Greater Access to Treatment Needed to Curb AIDS Deaths and the Spread of HIV

Vancouver, February 21, 2008 — Forty per cent of people who died of HIV/AIDS-related causes in B.C. between 1997 and 2005 never accessed life-saving, free, highly active antiretroviral therapy (HAART), reveals a new study published by the BC Centre for Excellence in HIV/AIDS (BC-CfE). Low socioeconomic status was found to be strongly associated with the delay in starting therapy as well as higher mortality rates among people on HAART.
According to the study, published in the Journal of Acquired Immune Deficiency Syndromes, there were 1,436 HIV-related deaths in B.C. between 1997 and 2005. In total, 567 persons died without ever accessing treatment.

“Residing in a poor neighbourhood is associated with an increased risk of mortality among HIV-infected patients,” explains Dr. Julio Montaner, director of the BC-CfE. “Factors such as lack of housing or transportation, mental illness, illegal activity and language barriers play a role in an individual’s ability to access treatment.”

HAART consists of taking three (or more) antiretroviral drugs on a daily basis for life. The therapy requires very high levels of adherence in order to be fully effective. The therapy decreases levels of the virus in the body and this allows the immune system to recover. HAART became the standard of care for the treatment of HIV/AIDS in 1996. The BC-CfE distributes HAART medications to all eligible British Columbians, free-of-charge, through the province-wide Drug Treatment Program, funded by Pharmacare.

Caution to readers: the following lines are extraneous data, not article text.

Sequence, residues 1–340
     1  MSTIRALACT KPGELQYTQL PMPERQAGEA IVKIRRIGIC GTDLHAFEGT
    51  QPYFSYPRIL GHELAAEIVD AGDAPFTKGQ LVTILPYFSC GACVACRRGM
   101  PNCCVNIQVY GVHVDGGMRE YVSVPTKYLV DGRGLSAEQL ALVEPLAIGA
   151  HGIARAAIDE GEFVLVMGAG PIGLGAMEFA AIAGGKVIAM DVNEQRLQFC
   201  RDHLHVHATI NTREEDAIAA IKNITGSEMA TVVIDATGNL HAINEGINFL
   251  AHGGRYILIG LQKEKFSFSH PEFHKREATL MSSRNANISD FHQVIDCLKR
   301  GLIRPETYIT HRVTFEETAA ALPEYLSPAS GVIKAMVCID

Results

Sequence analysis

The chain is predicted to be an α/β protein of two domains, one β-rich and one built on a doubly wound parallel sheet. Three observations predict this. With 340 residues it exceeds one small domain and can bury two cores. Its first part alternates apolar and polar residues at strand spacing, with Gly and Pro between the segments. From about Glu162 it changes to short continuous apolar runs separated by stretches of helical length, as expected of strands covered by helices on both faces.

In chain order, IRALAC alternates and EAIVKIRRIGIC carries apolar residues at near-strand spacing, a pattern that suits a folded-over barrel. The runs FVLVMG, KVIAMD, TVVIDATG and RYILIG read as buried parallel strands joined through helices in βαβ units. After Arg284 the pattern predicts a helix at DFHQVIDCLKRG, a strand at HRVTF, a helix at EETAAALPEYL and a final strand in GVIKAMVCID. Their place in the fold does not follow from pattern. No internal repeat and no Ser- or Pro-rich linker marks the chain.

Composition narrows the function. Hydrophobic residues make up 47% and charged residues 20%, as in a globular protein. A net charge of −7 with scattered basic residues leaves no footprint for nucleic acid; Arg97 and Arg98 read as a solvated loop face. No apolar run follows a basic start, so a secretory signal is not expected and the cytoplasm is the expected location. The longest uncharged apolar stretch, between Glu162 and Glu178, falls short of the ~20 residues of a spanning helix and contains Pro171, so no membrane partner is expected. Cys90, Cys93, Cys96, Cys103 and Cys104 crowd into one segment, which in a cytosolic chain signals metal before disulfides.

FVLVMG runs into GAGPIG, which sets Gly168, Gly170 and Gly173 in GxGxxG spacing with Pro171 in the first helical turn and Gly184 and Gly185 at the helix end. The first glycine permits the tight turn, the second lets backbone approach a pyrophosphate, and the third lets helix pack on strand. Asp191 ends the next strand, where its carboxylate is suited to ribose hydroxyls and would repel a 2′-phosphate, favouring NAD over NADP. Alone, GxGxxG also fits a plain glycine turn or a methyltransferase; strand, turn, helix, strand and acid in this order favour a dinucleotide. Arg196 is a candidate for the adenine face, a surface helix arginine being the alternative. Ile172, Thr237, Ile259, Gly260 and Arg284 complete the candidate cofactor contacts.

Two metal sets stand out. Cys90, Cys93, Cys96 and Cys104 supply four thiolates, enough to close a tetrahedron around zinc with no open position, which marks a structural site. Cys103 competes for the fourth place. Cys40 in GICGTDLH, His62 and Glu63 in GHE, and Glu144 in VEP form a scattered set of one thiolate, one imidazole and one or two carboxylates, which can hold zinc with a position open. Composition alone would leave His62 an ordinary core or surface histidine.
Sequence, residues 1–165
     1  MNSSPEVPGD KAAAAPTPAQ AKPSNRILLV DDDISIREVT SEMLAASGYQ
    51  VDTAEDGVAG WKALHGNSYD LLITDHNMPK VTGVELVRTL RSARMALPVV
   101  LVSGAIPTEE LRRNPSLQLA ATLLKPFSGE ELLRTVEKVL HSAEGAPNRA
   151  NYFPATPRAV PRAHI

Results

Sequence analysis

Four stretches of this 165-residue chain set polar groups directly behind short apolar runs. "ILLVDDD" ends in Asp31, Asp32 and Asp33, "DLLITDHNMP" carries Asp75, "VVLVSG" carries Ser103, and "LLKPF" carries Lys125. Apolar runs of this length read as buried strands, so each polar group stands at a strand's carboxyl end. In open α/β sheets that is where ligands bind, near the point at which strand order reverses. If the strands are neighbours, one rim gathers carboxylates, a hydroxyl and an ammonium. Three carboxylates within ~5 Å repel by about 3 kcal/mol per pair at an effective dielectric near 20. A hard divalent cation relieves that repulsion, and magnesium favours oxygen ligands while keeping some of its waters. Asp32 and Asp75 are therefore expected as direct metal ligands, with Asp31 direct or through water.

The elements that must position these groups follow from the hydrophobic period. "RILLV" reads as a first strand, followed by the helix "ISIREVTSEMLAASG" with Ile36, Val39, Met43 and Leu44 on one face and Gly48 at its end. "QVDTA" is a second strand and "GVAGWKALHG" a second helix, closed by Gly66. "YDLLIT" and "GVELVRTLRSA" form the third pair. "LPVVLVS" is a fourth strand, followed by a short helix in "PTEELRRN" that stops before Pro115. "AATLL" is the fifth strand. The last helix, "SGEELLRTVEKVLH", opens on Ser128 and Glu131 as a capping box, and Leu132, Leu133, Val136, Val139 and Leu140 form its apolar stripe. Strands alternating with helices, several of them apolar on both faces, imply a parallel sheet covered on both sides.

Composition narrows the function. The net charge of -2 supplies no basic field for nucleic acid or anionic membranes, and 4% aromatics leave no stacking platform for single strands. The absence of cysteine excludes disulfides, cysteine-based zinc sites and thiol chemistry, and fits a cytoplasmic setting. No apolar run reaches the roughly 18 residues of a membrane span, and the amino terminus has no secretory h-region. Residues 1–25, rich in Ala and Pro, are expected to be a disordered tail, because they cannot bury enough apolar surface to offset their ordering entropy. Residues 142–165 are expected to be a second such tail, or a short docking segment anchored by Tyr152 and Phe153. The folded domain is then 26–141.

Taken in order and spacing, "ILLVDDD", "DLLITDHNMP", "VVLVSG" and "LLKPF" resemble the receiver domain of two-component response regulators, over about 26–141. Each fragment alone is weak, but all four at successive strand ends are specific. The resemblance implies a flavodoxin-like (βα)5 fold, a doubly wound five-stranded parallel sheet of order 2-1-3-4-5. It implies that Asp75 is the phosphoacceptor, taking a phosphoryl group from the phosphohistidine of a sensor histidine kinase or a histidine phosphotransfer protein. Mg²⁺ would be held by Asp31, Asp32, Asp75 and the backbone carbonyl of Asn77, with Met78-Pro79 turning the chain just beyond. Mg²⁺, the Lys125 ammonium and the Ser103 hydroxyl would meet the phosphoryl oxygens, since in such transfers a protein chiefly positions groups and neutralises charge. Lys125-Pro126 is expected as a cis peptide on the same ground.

According to the study, increased awareness of available treatment as well as support to expand treatment is needed for persons living with HIV/AIDS in B.C. New social and health policy initiatives targeting HIV-infected individuals of lower socioeconomic status, beyond the provision of free and universal health care, are required to optimize access to HAART programs to save lives among HIV-infected individuals and help stem rates of transmission in the community.

“The effectiveness of HAART is well established, yet ensuring optimal access to HAART by all eligible persons remains an elusive goal,” says Montaner.

Previous research by the BC-CfE looking at data from B.C. and Taiwan showed an approximate 50 per cent reduction in new HIV cases that can reasonably be attributed to the introduction of free access to HAART. HAART decreases HIV levels in blood to below 50 copies/mL. At these levels or lower, the risk of transmitting HIV decreases significantly.

“We must stress that we do not see HAART as a replacement for the prevention effort but, rather, as an essential part of it,” adds Montaner.

In January 2008, Swiss HIV researchers produced the first-ever consensus statement to say that HIV-positive individuals on effective antiretroviral therapy and without sexually transmitted infections are sexually non-infectious.

For a full copy of the study or interview requests, contact Stephen Burega, media relations, 604-506-3734 (c),

About the BC Centre for Excellence in HIV/AIDS
Founded in 1992 by St. Paul’s Hospital and the provincial Ministry of Health, the BC Centre for Excellence in HIV/AIDS is a key provincial resource seeking to improve the health of people with HIV through the development, ongoing monitoring and dissemination of comprehensive investigative and treatment programs for HIV and related diseases. St. Paul’s Hospital is one of seven care facilities operated by Providence Health Care, Canada’s largest faith-based health care organization.